Genome-wide copy-number analyses reveal genomic abnormalities involved in transformation of follicular lymphoma

Alyssa Bouska, Timothy W. McKeithan, Karen E. Deffenbacher, Cynthia Lachel, George W. Wright, Javeed Iqbal, Lynette M. Smith, Weiwei Zhang, Can Kucuk, Andrea Rinaldi, Francesco Bertoni, Jude Fitzgibbon, Kai Fu, Dennis D. Weisenburger, Timothy C. Greiner, Bhavana J. Dave, Randy D. Gascoyne, Andreas Rosenwald, German Ott, Elias Campo, Lisa M. Rimsza, Jan Delabie, Elaine S. Jaffe, Rita M. Braziel, Joseph M. Connors, Louis M. Staudt and Wing-Chung Chan

Key Points

  • Chromosome copy-number alterations that may affect immune surveillance and the NF-κB and p53 pathways are more frequent in tFL than FL.

  • Abnormalities involving chromosomes 6 and X are predictive of overall survival in FL.


Follicular lymphoma (FL), the second most common type of non-Hodgkin lymphoma in the western world, is characterized by the t(14;18) translocation, which is present in up to 90% of cases. We studied 277 lymphoma samples (198 FL and 79 transformed FL [tFL]) using a single-nucleotide polymorphism array to identify the secondary chromosomal abnormalities that drive the development of FL and its transformation to diffuse large B-cell lymphoma. Common recurrent chromosomal abnormalities in FL included gains of 2, 5, 7, 6p, 8, 12, 17q, 18, 21, and X and losses on 6q and 17p. We also observed many frequent small abnormalities, including losses of 1p36.33-p36.31, 6q23.3-q24.1, and 10q23.1-q25.1 and gains of 2p16.1-p15, 8q24.13-q24.3, and 12q12-q13.13, and identified candidate genes that may be driving this selection. Recurrent abnormalities more frequent in tFL samples included gains of 3q27.3-q28 and chromosome 11 and losses of 9p21.3 and 15q. Four abnormalities, gain of X or Xp and losses of 6q23.2-24.1 or 6q13-15, predicted overall survival. Abnormalities associated with transformation of the disease likely impair immune surveillance, activate the nuclear factor–κB pathway, and deregulate p53 and B-cell transcription factors.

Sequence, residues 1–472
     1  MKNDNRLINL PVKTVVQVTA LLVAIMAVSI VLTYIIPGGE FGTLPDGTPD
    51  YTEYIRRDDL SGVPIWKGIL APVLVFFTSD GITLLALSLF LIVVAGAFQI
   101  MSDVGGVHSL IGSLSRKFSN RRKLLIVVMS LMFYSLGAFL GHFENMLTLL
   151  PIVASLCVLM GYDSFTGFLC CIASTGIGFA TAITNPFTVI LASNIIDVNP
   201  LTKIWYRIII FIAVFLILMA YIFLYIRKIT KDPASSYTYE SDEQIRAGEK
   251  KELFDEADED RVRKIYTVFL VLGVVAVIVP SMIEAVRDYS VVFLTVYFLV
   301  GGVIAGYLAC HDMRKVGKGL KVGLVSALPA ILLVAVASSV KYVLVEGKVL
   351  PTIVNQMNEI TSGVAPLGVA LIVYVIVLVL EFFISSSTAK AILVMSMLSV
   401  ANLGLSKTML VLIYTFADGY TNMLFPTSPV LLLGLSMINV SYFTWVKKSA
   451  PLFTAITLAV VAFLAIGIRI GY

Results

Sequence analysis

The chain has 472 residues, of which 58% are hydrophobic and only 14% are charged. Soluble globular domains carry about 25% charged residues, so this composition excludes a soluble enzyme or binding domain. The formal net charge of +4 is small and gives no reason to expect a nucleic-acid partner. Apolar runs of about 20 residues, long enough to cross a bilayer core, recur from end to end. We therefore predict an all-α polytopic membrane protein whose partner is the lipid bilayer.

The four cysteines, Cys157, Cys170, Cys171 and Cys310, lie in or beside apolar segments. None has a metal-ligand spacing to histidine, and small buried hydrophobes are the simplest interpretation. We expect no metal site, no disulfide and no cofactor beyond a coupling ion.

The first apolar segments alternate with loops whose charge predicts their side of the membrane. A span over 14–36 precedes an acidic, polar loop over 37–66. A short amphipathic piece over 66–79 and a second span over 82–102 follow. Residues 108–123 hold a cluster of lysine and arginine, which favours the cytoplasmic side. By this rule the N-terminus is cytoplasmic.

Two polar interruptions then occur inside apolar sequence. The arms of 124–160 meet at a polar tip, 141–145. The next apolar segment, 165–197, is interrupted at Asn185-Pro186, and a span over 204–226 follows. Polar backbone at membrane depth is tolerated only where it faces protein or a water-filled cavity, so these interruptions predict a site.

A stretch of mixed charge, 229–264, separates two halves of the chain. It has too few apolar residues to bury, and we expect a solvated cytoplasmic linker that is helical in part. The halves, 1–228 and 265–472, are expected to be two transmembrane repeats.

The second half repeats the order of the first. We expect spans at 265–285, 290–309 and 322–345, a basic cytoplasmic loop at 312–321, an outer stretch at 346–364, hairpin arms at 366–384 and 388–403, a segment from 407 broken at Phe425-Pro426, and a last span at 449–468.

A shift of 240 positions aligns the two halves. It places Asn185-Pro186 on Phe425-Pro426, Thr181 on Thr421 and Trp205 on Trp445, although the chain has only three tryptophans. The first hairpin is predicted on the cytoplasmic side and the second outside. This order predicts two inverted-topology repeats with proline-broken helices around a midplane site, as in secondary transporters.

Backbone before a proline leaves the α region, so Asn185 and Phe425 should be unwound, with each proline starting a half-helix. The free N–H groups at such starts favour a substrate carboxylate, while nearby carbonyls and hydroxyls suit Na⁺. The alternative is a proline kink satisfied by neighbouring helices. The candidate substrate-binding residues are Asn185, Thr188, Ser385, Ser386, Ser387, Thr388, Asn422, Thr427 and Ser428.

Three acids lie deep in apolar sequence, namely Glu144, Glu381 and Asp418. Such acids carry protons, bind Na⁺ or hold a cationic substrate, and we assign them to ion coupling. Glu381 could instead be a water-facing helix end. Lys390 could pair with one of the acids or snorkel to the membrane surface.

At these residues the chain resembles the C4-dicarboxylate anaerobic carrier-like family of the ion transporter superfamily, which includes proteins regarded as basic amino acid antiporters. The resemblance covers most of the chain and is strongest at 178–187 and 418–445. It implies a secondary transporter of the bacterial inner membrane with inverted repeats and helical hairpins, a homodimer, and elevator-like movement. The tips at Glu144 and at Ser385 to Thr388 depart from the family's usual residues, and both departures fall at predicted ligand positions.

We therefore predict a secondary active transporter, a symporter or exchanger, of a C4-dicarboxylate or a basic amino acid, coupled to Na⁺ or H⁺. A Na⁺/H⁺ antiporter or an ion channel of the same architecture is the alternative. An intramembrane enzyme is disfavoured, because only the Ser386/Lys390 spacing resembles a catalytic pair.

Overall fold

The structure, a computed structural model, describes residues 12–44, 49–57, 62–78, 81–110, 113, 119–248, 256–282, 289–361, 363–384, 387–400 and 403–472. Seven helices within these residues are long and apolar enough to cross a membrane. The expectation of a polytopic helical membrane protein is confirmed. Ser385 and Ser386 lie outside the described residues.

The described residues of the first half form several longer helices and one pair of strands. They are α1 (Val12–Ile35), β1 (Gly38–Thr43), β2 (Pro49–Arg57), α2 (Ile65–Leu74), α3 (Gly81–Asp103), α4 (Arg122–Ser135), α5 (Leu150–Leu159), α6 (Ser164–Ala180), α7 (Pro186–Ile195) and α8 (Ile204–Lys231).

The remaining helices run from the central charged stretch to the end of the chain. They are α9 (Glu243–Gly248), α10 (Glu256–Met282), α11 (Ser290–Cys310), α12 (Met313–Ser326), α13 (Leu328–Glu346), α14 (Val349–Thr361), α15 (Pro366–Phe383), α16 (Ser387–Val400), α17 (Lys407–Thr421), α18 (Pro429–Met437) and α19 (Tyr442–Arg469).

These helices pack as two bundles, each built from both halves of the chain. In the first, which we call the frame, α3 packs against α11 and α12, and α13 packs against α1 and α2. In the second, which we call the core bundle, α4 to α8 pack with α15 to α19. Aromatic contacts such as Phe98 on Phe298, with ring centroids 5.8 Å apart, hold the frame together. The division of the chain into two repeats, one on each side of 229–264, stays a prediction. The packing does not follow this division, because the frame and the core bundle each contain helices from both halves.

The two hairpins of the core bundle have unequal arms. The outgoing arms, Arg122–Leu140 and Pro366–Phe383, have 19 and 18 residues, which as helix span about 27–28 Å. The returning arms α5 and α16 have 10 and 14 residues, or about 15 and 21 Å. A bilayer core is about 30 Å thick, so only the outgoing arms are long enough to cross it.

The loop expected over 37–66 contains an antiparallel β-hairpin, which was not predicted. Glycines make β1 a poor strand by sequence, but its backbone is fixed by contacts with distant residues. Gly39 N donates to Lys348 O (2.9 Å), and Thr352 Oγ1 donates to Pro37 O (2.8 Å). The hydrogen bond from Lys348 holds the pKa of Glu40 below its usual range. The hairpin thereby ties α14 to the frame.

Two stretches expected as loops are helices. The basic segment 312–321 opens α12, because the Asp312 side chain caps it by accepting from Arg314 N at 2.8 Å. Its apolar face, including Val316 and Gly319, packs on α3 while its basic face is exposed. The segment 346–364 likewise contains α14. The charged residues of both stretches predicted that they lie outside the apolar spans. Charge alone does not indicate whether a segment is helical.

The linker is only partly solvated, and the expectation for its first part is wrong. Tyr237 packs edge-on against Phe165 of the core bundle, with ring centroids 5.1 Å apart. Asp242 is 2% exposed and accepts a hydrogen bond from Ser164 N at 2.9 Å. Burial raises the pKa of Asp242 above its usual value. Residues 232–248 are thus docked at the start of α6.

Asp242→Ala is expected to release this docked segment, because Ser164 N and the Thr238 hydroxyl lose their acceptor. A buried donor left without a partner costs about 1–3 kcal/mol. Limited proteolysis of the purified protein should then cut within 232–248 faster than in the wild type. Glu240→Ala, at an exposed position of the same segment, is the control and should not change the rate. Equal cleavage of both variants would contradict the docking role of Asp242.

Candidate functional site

• Submitted May 13, 2013.
  • Accepted September 1, 2013.
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